An EMT student has credited fate in the rescue of an overdose victim at the Civic Center BART station Monday, BART officials said in a statement.
"It was a butterfly effect, I was waiting for my friend and if I hadn't, I might have missed this person," said Nicholas Stallcup, a student at the City College of San Francisco where he had just finished his third week of EMT training.
Around 11:30 p.m. Stallcup found a man lying unresponsive on the floor of the station, the transit agency confirmed. The man was blue in the face and barely breathing. BART officials said that Stallcup performed CPR until the man was revived.
"He was unresponsive for what felt like 15 minutes when it was only three minutes," said Stallcup. "I thought he was dead."
BART police officials arrived on the scene a short time later and administered two doses of Narcan, an opioid antidote used in situations in which someone is suffering from an overdose. As of May of last year all BART police officers carry Narcan. In 2019, they administered 41 doses in 27 incidents, so far in 2020 they have administered seven doses. Police said that in every case the victim survived.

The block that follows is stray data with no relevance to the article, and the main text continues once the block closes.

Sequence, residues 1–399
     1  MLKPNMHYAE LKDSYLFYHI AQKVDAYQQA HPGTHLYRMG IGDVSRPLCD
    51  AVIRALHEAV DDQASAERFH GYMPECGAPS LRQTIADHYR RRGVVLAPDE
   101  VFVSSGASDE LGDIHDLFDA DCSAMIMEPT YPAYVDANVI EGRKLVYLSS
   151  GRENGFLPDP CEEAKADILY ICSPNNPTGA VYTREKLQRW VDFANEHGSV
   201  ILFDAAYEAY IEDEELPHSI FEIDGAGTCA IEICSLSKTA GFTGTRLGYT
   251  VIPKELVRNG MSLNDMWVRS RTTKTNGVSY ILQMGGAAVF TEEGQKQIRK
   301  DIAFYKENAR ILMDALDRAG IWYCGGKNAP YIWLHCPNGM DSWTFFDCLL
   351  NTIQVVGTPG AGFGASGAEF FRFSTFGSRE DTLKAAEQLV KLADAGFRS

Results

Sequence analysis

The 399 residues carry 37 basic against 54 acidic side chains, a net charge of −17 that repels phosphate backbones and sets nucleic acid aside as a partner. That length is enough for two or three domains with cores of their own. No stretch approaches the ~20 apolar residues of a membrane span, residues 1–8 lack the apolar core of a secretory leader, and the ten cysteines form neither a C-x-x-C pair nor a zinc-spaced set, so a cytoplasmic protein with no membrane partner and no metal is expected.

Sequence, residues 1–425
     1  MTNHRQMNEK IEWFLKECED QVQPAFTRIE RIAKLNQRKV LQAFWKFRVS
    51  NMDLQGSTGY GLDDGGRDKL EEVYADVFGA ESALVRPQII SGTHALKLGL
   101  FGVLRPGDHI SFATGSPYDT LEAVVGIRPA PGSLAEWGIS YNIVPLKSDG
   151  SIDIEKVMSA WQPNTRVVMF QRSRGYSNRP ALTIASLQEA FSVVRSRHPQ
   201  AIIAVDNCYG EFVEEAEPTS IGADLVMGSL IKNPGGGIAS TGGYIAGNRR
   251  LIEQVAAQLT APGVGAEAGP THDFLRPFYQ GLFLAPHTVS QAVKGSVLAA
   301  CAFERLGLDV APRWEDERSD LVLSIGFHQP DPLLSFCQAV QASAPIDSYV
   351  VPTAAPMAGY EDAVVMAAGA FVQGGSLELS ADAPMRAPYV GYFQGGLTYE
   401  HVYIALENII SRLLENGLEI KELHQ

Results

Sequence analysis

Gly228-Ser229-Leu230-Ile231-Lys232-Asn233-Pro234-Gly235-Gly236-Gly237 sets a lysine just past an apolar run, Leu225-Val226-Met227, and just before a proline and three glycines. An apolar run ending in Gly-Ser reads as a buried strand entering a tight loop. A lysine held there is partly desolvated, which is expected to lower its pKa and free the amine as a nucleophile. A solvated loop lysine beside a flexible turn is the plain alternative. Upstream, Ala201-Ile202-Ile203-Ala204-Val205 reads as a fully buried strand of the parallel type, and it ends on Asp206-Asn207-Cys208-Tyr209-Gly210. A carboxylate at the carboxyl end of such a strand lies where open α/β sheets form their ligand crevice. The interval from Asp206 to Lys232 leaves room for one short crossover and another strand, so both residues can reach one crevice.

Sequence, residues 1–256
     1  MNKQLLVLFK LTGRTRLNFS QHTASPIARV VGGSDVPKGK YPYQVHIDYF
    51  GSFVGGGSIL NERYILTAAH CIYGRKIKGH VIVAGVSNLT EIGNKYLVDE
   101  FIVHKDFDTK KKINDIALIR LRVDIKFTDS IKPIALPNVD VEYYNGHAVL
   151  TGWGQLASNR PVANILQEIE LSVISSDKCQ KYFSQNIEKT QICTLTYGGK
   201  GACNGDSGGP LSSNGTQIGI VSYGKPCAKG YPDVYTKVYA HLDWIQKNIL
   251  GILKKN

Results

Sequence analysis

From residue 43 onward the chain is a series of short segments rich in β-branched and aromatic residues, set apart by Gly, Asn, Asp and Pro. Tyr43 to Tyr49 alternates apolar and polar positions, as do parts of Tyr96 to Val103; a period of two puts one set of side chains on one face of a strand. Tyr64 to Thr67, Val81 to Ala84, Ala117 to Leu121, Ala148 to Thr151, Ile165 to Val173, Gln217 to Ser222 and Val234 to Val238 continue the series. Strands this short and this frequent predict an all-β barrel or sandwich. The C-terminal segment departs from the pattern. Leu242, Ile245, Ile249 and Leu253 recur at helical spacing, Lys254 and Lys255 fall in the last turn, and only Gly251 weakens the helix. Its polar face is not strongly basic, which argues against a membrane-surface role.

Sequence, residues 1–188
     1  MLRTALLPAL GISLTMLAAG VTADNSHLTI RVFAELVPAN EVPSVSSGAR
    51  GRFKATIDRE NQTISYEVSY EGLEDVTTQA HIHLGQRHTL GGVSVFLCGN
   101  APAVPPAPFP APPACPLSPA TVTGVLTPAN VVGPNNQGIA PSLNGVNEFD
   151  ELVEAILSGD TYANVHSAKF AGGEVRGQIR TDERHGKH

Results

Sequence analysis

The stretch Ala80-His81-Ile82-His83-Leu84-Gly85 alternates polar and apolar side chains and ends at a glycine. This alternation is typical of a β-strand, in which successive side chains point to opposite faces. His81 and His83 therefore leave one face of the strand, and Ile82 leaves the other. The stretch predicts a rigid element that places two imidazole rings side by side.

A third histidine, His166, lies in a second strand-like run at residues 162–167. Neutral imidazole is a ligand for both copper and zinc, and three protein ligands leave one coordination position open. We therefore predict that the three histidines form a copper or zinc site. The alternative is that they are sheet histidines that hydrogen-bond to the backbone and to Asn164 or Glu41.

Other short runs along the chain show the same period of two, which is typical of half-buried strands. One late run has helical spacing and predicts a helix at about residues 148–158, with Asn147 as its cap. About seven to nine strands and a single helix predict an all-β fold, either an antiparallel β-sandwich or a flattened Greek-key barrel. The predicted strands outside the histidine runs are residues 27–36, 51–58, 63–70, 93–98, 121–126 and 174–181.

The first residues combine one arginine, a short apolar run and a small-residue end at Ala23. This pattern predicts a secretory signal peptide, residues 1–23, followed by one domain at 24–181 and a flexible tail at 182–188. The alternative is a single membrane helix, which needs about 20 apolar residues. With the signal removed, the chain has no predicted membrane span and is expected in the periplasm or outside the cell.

BART officials said that the man in this instance was transported to a local hospital for further treatment.
"The faster you can get Narcan to somebody who is overdosing the more likely you are to save their life," said a BART police officer.
This incident highlights one city leaders's efforts in seeking help from the state to deal with the opioid crisis.
Supervisor Matt Haney sent a letter to the governor calling for more help, and perhaps the need for an executive order.
"It's the worst that we have ever seen," Haney said. "The most deadly epidemic that we're facing as a city is drug use and drug overdoses."
For Stallcup, it all came down to helping someone who desperately needed it.
"Instincts kicked in," he said. "I feel like, it's someone's kid. Maybe someone's dad or husband."
BART police emphasized the value of Stallcup's training.
"It is always great when riders have first aid training," said one of the officers who arrived on the scene. "A few seconds can make the difference between life and death."
Firefighters said that without Stallcup's effort the outcome of the rescue may have been different.
Stallcup pointed out that even people who are not in EMT training can take first aid courses and become CPR certified, oftentimes for a low cost — or even for free.
Stallcup also said that having empathy for others is an important part of supporting the Bay Area community.
"It's easy to look at someone and think — oh, he's a junkie so let's not bother — and turn the other cheek," said Stallcup. "They are still part of our community. They are not the most glamorous or healthiest part, but nonetheless, they are one of us."